I will suggest that you take her to the vet. Hopefully it is someone you trust and get their advice. I almost always feel better after talking to a doctor and getting the facts laid out to me. Good luck Christine.

Oh sweetie, I’m so sorry. Trixie has started the angry, plaintive yowling, too. We suspect it might be thyroid, so we’re schedule a vet visit to have her checked.

Maybe Mona’s thyroid is acting up, too? (And I say this with the deep-seated, heart-wrenching hope that accompanies the sincere desire NOT to lose a pet.)


A couple of years ago, I had to put my best-beloved cat to sleep. He had a heart condition and while we could have re-stabilized him, it just wasn’t fair to him in the long run. It was one of the hardest things that I have ever had to decide to do and it was absolutely the right thing to do.

You’ll know when it’s time.

Its probably time. If you feel she is meowing at you in an angry sad way you’re probably right
My beast, Katy, is going on 16-17 years and I’ve spent thousands of $$$ at the vet with her hyperthyroidism.
Even yesterday after 3 days of not eating and throwing up I took her to have them lance one of those nodules to see if they could get a sample to test. Only to find out it was liquid filled. Bleck.
I keep telling my vet I’m ready to put her down but he’s assured me that she seems to be alive and kicking.
I know that if she meowed at me in a sad way I’d make the appointment and let her go peacefully.
Good luck.

This is one of the hardest dilemmas that we as pet owners face. I truly believe that as long as your wee one (Mona) is having a quality life then you are doing the right thing by prolonging her life.

The hardest part is detaching your own feelings from those of what is best for her. There are so many things that your vet can do to make Mona’s life be less painful and longer, but is she gaining in any way? Our little Patois suffered from pancreatitis and stayed with us longer than nature would probably have intended. Her last days (also at age 18) seemed to bring her happiness. In the end though, she went suddenly.

I think that your vet can help you make the important decisions. He/she can advise better than anyone. Knowing that you did the right thing is a huge consolation. You will know when it’s time.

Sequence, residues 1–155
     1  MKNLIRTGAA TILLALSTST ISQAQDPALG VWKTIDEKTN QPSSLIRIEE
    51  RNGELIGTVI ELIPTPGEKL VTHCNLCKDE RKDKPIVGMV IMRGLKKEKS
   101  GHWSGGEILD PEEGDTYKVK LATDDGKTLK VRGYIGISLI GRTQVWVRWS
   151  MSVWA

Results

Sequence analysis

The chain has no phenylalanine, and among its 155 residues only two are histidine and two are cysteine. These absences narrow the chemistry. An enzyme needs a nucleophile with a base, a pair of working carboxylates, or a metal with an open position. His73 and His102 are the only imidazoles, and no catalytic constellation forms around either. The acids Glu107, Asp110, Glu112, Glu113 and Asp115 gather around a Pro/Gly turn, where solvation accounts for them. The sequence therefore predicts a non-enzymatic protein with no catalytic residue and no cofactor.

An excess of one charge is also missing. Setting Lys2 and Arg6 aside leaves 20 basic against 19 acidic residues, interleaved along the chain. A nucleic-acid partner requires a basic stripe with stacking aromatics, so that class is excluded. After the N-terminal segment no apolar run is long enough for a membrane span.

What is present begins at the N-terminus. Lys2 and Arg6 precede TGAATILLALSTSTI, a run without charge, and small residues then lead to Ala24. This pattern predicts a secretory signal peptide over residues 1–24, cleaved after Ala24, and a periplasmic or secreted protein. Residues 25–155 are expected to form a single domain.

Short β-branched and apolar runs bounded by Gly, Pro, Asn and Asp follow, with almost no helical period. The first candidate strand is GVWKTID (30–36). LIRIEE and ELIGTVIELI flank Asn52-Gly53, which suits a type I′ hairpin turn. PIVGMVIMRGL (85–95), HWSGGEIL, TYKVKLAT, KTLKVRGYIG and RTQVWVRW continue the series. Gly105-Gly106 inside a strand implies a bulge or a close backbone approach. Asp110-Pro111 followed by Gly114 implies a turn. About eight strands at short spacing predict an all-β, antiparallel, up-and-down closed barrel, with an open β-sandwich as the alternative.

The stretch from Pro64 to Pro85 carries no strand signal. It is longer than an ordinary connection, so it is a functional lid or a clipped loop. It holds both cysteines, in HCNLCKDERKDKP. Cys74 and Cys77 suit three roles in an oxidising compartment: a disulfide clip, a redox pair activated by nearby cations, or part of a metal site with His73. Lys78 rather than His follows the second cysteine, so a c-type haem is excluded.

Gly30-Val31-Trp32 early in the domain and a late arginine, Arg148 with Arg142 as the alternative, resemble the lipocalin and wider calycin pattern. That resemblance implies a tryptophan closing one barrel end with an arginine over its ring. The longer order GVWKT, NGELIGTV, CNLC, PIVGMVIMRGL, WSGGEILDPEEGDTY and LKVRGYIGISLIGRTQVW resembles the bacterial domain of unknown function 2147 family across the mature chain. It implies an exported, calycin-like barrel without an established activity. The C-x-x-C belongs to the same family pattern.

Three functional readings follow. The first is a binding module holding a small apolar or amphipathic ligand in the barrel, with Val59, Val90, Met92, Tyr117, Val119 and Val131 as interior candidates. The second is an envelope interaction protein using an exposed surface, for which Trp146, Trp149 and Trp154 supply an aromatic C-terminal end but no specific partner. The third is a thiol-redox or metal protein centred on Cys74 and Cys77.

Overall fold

So sorry that you are going through this. Big hugs to Mona and to you and Mike.


I forgot to add – her thyroid has been checked since she started dropping so much weight – and it was fine. The doctor was actually a bit surprised by that.

It is just so hard — my gut is telling me it is time. My heart just doesn’t want to accept it.

Thank you, thank you, thank you for all of your advice – and I hope it helps others too.

If you have a good relationship with your vet, I would talk with him/her. My experience has been that a good vet will talk with you about these decisions with both compassion and logic.

It will probably come down to quality of life. Are there reasonable and sane measures you can take to keep Mona comfortable and happy? If there are, consider them, but there may not be. Your vet can help you come up with some benchmarks of when it’s time to make The Horrible Decision.

Just remember this: it’s easy to be a good kittymom to a kitten, or a young cat. It is infinitely harder to be a good kittymom for an older, companion cat you’ve shared your life with for years. Owning a pet is about being willing to do the right and caring thing, even when the right and caring thing is to let go and say goodbye.

I say that while looking at my 12-year-old littermates, knowing someday I’ll be facing this decision too, and I’ll be just as ripped up about it.